Roots of an Urban Farmer
|Pa and I watching his cows graze|
If I really want to go back in time I suppose it should be no surprise that I am an urban farmer. My last name means "Wheat Acre". It refers to the plots of land that existed in English cities where wheat was grown for consumption by the residents of the densely populated areas. This is not to say that my family was responsible for growing the grain but rather more likely they resided somewhere near it and it was a way to designate a family's whereabouts.
Genealogy is a passion of mine and you can only imagine my surprise when I found that a distant relative, who was a colonial farmer, is buried 300 yards from my current property.
In truth I know very little of my fathers side of the family. I was raised by a single mother and her relatives. Though my fathers bloodline left the genetic blueprint for a future farmer it was my mothers relatives whose practice of the ancient art left a lasting impression.
|One of our first gardens nearly 10 years ago|
If memory serves me correctly I believe that one of my first references would have been my maternal grandmothers father. I remember as a child walking through the dense foliage of his gardens. Peppers and tomatoes the size of an adults fist. People would come from miles around to buy his produce I was told. As my family has grown and it has become necessary to be more frugal I remember his practice of reusing ordinary items around the house to prolong his harvest, for example, half gallon milk cartons with frozen peppers in them. I sometimes wonder while digging through the soil in early spring while occasionally referring to his Dick Raymond gardening book what he would think of my plot.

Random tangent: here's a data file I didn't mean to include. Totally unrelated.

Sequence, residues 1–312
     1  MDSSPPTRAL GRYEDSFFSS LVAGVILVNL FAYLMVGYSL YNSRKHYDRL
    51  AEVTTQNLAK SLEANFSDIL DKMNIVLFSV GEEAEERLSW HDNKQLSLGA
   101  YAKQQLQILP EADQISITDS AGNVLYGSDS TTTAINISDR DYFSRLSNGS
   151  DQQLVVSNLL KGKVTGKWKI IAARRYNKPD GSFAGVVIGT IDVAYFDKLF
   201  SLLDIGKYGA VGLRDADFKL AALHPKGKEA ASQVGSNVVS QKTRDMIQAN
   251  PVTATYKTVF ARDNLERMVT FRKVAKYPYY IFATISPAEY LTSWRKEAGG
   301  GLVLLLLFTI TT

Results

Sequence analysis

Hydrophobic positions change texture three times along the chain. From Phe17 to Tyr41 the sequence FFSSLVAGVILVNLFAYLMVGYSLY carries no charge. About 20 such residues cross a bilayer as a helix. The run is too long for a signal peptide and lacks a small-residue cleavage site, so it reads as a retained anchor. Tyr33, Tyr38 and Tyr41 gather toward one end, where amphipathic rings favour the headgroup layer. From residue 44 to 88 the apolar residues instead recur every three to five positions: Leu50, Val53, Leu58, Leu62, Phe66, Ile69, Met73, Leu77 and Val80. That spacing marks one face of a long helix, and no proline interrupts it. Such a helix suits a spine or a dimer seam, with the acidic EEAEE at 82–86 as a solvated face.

Even before my father left I spent a lot of time with my maternal grandfather. He was a man of extreme values, to put it lightly. He had a tendency to treat me kindly but I do believe I may have been the exception. He preferred the solitude of his land to that of other people, something I can certainly relate to.
|Our kids and our gardens have grown|
We would also go to livestock auctions. A funny twist of fate is that I recently started attending the same auction house with my own children so that we could sell some of our rabbits when the need arose.
My parents planted a rather large garden one year at my grandfathers. They only did so once. To this day I do not know if they simply did not like the labor involved or if they chose to abandon the venture for some other reason. Personally, I fell in love. It was my first opportunity to work the soil and it has held a place of nostalgia in my mind. I can still taste the baby carrots washed off in the aluminum watering can, the peas fresh from the vine. I can even remember the wind bending the pines that bordered the plot.
|More lovely than any flower|
My uncles gardened as well. One was what we would most likely call a "guerrilla gardener" back in the 80's. He introduced me to the concept of gardening by the moon phases and the science of soil health. Both of which I now realize are Steiner influenced methods of biodynamic gardening. In fact, soil health is the foundation of my practice at this point. Though it is gaining popularity among modern farmers and gardeners such a method would have been pushing against the social norm back in the 1980's.
His younger brother and sister-in-law used to have me spend the night at their farm house in Sidney Center. One very hot summer day we planted 100 trees, just my uncle and I. We planted 99 blue spruce and 1 weeping willow. I always considered this a lesson in environmental longevity.
There were a number of other influences along the way great-aunts and uncles who let me explore their chicken coop at a young age for example.
|The flood of 2011 devastated our community|
but we were able to be somewhat self-sufficient
with our gardens
|Our homestead still provides in the depth of winter|
Tobias Whitaker blogs for Mother Earth News and Grit Magazine. Click on the Mother Earth News logo at the bottom of the page for all of his post. You can also find him on Facebook at Seed To Harvest: Bossy Hen Homestead https://www.facebook.com/seedtoharvestbossyhenhomestead/ which is a central location for his homesteading blogs and his homeschooling blog, A Mile In Her Shoes: Tales Of A Stay-At Home Dad found here https://amileinhershoestalesofastayathomedad.wordpress.com/